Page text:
Applying the judicial-proceedings privilege to publicity statements would “unreasonably shield attorneys from liability”
Attorney immunity and judicial-proceedings privilege do not cover media statements made by lawyers, the Texas Supreme Court has decided.
“An attorney who repeats his client’s allegations to the media or the public for publicity purposes is not acting in the unique, lawyerly capacity to which Texas law affords the strong protection of immunity,” Justice James Blacklock wrote in a court opinion released last Friday. “Although attorneys often make publicity statements for their clients, wrapping these statements in an absolute privilege would unreasonably shield attorneys from liability for defamatory statements that would be actionable if uttered by anyone other than an attorney.”
The court made the ruling in relation to a suit brought by US dining, hospitality and entertainment corporation Landry’s Inc. against attorney-founded animal rights organisation the Animal Legal Defense Fund (ALDF) and radio station owner Cheryl Conley. Landry’s had sought a review of whether its opponents’ statements in the media were shielded by either the judicial-proceedings privilege or attorney immunity, according to the court opinion released last Friday.
In September 2016, the ALDF, represented by attorney Carney Anne Nasser, had served Landry’s with a 60-day notice of intended suit for the company’s alleged violation of the Endangered Species Act following an investigation conducted by Conley in 2015 into the habitat of white Bengal tigers featured at Landry’s Houston restaurant Downtown Aquarium. The day the notice was sent out, ALDF published a press release on the matter, which included criticism of the tigers’ environment. The release was also provided to the Houston Chronicle and Denver TV station ABC-Denver7.
Both media outlets ran stories on the intended suit, as did website The Dodo. In the 10 days following the notice’s service, ALDF also published Facebook posts on the issue while Nasser and ALDF executive director Stephen Wells sent out tweets. Landry’s proceeded to file a suit against the ALDF, Nasser and Conley 59 days after the notice of intended suit was served, accusing the parties of “defamation, business disparagement, tortious interference, abuse of process, trespass, and civil conspiracy,” the court opinion said.
ALDF, Nasser and Conley sought a dismissal of Landry’s suit under the Texas Citizens Participation Act, claiming that their statements were protected by the judicial-proceedings privilege. Moreover, Nasser and the ALDF argued that they were shielded from Landry’s claims by attorney immunity.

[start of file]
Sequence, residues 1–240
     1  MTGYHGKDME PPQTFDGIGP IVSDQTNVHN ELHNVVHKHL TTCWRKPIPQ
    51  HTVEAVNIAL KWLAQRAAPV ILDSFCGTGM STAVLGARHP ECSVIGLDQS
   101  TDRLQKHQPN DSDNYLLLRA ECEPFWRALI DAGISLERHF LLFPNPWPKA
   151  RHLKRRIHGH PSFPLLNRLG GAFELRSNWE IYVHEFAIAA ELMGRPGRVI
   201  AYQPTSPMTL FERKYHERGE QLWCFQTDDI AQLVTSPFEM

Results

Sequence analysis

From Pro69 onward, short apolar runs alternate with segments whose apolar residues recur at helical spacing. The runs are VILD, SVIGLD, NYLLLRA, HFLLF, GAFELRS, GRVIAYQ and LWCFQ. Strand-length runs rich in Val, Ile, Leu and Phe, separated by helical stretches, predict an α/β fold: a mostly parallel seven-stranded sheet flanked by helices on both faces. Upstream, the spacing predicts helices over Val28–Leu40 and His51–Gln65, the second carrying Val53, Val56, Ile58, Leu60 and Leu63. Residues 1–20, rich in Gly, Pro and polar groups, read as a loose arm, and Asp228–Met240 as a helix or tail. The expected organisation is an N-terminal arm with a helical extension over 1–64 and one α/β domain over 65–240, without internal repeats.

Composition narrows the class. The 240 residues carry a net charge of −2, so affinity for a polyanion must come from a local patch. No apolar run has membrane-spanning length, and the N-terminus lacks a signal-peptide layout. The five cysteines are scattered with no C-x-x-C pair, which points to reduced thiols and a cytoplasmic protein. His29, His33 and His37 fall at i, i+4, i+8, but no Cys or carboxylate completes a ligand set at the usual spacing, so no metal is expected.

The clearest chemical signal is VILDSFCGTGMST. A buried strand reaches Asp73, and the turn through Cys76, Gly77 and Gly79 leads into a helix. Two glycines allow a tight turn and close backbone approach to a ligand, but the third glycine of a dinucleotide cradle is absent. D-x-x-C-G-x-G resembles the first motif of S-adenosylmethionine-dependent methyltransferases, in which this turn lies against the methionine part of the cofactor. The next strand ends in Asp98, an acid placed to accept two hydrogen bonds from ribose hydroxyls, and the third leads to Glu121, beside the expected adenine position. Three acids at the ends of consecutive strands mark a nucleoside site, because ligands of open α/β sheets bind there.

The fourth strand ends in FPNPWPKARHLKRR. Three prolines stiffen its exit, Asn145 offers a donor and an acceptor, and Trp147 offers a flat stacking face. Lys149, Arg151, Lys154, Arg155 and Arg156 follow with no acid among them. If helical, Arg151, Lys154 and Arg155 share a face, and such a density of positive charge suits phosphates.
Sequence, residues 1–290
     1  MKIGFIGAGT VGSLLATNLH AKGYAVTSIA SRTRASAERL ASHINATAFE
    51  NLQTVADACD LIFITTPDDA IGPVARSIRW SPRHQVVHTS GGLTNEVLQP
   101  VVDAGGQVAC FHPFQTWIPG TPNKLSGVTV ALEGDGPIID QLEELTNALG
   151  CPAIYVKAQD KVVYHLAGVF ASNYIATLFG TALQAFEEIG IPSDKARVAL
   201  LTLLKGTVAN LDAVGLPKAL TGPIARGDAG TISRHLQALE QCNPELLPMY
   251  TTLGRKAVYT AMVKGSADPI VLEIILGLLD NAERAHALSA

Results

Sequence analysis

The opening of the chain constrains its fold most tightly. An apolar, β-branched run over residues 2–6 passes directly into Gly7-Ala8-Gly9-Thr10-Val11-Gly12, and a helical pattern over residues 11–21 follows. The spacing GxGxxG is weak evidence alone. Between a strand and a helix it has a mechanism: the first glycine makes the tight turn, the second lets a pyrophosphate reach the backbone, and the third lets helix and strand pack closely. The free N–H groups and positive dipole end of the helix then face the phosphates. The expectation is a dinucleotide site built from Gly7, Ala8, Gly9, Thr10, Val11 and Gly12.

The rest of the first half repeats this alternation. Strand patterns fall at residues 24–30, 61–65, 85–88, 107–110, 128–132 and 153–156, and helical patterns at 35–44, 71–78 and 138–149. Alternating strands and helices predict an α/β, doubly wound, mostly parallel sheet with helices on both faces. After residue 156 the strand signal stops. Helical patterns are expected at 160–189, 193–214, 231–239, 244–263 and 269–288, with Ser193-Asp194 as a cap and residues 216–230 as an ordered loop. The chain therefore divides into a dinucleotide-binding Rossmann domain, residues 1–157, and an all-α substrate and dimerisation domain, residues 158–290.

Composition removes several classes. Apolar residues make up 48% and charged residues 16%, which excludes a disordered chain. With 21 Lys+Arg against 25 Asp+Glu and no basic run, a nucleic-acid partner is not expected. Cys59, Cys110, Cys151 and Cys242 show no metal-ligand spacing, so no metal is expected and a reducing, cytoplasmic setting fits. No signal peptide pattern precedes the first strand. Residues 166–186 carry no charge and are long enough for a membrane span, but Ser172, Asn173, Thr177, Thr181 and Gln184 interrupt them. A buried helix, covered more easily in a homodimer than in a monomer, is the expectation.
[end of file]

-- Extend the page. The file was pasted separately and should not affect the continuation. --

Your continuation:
A trial court ruled in favour of ALDF, Nasser and Conley. However, the Texas Supreme Court contradicted the decision that the parties’ statements were protected under judicial-proceedings privilege and attorney immunity.
The court pointed out that Nasser and the ALDF’s statements to the press and on social media were not under the “office, professional training, skill and authority of an attorney,” thus removing them from the protection of attorney immunity.
“Anyone –including press agents, spokespersons, or someone with no particular training or authority at all – can publicise a client’s allegations to the media, and they commonly do so without the protection of immunity,” Blacklock wrote in the Texas Supreme Court opinion. “While lawyers can also make such statements, attorney immunity does not apply to an activity simply because attorneys often engage in that activity.”
The court also said that applying attorney immunity too broadly weakened the protection of the judicial-proceedings privilege.
“If attorney immunity protected all litigation-related statements by lawyers – whether the statements are made within litigation or not – there would be little need to police the boundaries of the judicial-proceedings privilege,” Blacklock wrote.
Moreover, while the ALDF’s service of the notice was covered by judicial-proceedings privilege, its release to media outlets was not, depriving the organisation of the protection afforded when its statements were made as part of the judicial process. the court ruled.
“The judicial-proceedings privilege exists to facilitate the proper administration of the justice system. It does so by relieving the participants in the judicial process from fear of retaliatory lawsuits for statements they make in connection with the proceeding itself,” Blacklock wrote. “Statements to the media, by definition, are not made within a judicial proceeding. They are not directed to the court or the opposing party, and they play no formal role in the adjudicatory process.”
The court said that parties who release the statements ALDF, Nasser and Conley did have “many potential defences to defamation liability, but the judicial-proceedings privilege and attorney immunity are not among them.”
The Texas Supreme Court said that it was remanding the Landry’s suit to the Court of Appeals for further proceedings.